#MediaLit17 Chronicles 13: Real humanity in the virtual world

Day Four, Dr Karen O’Donnell is here to talk to us about digital theology, and will be looking at the Eucharist.

Where are our bodies in digital spaces?

There’s a sense in which when we go online our bodies don’t go with us. Therefore we can feel like the digital world isn’t real.

This can lead to what’s called digital dualism.

This dualism can be particularly discomforting for Christians. If the virtual isn’t real and fake then how can we be incarnation on the internet? Is ‘virtual’ just a euphemism for ‘body-less’?

In this session, Karen wants to argue that we don’t need to go with a dualist view; that digital experience isn’t disembodied and that in today’s world it isn’t really possible to be ‘offline’.

Following in the same vein, though not explicitly identified, as Schleiermacher Karen insists that all theology starts from within our experience, more specifically within our bodily experience. As such all theology is bodily theology.

She then talked about trinitarian theology saying that people talk about the economic and the immanent, but how can we know God in himself? Therefore, consciously follows Karl Rahner’s and then moves one step further to collapse the immanent into the economic, to make the two the same. This fits her view that Trinity is material.

She then moved to talk about the nature of Humanity; We are embodied creatures, not body and soul.

The view which she ends up advocating is that we live in one reality which is both physical and digital, atoms and bytes; using the language of ‘cyborg’. Therefore she would say that we cannot say that our digital experience is disembodied.

We then discussed in groups.

After coffee we watched this next video to introduce the theme of Eucharist and digital.

Obviously this is a silly thing, but it helps us start to engage with the question: Is liturgy performed in digital space authentic? What does authentic mean anyway?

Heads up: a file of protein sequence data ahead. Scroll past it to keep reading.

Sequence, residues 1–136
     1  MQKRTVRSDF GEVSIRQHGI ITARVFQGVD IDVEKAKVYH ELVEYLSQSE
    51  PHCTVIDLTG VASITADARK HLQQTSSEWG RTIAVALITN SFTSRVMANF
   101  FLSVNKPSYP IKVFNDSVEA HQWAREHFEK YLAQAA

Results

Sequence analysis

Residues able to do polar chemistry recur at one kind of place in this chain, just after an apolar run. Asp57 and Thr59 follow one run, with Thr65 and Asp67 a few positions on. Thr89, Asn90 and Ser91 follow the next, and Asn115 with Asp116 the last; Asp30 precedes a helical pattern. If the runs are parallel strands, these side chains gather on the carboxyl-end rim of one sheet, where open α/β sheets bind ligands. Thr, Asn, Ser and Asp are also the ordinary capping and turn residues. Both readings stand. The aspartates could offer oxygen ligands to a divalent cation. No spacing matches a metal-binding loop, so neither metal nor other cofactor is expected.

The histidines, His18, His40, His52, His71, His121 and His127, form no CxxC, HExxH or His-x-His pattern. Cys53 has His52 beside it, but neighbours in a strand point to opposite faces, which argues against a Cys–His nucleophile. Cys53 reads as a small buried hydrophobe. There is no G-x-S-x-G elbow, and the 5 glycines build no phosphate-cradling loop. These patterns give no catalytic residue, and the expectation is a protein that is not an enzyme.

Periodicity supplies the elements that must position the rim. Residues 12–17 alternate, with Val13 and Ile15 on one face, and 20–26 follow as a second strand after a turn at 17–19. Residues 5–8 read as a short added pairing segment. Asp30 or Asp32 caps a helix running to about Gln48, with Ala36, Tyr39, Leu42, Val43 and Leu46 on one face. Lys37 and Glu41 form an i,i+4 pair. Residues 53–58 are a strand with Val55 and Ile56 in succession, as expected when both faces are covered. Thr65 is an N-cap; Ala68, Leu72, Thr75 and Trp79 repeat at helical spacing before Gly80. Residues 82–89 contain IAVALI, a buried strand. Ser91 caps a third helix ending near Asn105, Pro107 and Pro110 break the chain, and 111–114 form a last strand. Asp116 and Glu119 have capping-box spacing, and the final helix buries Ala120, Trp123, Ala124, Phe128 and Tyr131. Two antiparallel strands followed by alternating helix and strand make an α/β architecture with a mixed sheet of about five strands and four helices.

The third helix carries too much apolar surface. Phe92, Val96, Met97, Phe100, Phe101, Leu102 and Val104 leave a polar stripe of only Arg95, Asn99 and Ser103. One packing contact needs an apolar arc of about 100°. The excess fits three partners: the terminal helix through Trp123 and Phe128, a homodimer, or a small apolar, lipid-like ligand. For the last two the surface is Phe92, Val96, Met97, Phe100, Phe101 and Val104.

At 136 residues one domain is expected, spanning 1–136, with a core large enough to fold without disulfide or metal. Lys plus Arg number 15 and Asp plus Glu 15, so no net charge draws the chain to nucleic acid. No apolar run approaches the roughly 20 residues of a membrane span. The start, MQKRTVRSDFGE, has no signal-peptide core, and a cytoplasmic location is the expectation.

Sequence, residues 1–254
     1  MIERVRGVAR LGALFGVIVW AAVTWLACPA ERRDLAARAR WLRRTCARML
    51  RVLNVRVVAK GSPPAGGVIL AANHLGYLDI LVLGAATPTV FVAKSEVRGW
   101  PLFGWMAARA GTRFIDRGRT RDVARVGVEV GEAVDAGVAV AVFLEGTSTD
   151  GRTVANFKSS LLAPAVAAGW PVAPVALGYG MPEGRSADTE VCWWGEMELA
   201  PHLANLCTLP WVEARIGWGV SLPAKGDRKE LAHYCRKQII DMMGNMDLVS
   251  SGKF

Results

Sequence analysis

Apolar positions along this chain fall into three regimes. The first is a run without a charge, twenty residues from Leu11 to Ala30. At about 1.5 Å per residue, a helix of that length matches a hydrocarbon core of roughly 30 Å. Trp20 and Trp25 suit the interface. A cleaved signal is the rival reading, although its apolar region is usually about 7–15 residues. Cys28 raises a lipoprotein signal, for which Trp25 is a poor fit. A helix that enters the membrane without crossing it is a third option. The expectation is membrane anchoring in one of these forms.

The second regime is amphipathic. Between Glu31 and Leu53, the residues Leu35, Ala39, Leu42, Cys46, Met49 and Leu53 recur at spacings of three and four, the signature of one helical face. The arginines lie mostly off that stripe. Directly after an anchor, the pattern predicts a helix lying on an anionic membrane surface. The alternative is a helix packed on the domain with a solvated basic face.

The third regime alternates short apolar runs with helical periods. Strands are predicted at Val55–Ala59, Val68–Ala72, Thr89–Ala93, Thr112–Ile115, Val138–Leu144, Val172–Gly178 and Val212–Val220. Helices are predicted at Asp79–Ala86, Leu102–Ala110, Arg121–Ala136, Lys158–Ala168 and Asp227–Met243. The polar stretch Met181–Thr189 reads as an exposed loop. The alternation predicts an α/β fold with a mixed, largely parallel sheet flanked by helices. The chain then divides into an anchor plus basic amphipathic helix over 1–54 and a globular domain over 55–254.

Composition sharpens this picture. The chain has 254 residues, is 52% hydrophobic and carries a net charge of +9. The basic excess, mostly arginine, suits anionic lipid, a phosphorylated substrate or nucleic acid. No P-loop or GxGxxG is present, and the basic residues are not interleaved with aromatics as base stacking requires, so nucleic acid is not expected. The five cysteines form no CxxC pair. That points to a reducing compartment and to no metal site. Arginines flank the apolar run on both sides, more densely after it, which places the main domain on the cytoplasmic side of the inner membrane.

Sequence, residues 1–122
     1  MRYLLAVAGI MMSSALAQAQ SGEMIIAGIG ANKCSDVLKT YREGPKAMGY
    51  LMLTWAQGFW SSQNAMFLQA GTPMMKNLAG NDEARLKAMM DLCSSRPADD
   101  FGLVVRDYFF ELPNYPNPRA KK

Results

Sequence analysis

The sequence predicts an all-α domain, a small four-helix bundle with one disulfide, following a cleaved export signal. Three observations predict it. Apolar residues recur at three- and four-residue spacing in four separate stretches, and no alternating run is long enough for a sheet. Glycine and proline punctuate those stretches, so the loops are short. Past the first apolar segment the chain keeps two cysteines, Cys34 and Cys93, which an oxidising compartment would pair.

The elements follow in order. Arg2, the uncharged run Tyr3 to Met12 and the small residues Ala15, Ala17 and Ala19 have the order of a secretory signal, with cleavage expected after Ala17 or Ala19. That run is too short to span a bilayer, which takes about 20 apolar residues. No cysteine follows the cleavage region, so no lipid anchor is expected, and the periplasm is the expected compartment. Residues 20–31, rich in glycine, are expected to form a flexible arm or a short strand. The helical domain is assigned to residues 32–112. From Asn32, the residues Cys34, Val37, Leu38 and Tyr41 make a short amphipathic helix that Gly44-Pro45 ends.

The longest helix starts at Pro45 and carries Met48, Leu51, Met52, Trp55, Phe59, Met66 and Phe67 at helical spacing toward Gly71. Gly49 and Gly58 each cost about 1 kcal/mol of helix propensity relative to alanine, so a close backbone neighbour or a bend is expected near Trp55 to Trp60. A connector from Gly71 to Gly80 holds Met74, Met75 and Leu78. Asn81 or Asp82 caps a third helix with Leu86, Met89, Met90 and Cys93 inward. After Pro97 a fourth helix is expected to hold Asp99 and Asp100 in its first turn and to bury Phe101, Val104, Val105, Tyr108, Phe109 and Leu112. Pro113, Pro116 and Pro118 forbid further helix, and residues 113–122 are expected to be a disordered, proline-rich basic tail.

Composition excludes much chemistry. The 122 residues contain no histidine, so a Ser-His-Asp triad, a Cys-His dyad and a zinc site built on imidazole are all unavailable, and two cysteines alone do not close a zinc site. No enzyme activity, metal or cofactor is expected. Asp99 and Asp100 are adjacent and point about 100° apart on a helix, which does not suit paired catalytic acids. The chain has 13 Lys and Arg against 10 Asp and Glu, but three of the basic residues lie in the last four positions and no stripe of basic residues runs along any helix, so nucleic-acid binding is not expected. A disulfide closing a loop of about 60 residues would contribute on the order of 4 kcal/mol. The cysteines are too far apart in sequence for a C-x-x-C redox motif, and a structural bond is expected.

We then considered if someone could participate in the Eucharist as an avatar online? Or what about an extended Eucharist which operated on either the basis of the reserved sacrament or a cognitive effort on the priest to remember the non-physically present bread and wine to bless it from a distance.

Personally, it seems that this document, quoted at one point in Karen’s presentation, speaks a great deal of theological sense:

Similarly, as noted above, the virtual reality of cyberspace has some worrisome implications for religion as well as for other areas of life. Virtual reality is no substitute for the Real Presence of Christ in the Eucharist, the sacramental reality of the other sacraments, and shared worship in a flesh-and-blood human community. There are no sacraments on the Internet; and even the religious experiences possible there by the grace of God are insufficient apart from real-world interaction with other persons of faith. Here is another aspect of the Internet that calls for study and reflection. At the same time, pastoral planning should consider how to lead people from cyberspace to true community and how, through teaching and catechesis, the Internet might subsequently be used to sustain and enrich them in their Christian commitment. — Pontifical Council for Social Communications, The Church and Internet.

The whole document is worthy of reading and reflecting upon.

An interesting and slightly controversial session!


This session was based on 
Corporeal Beings in Digital Spaces by Dr Karen O’Donnell

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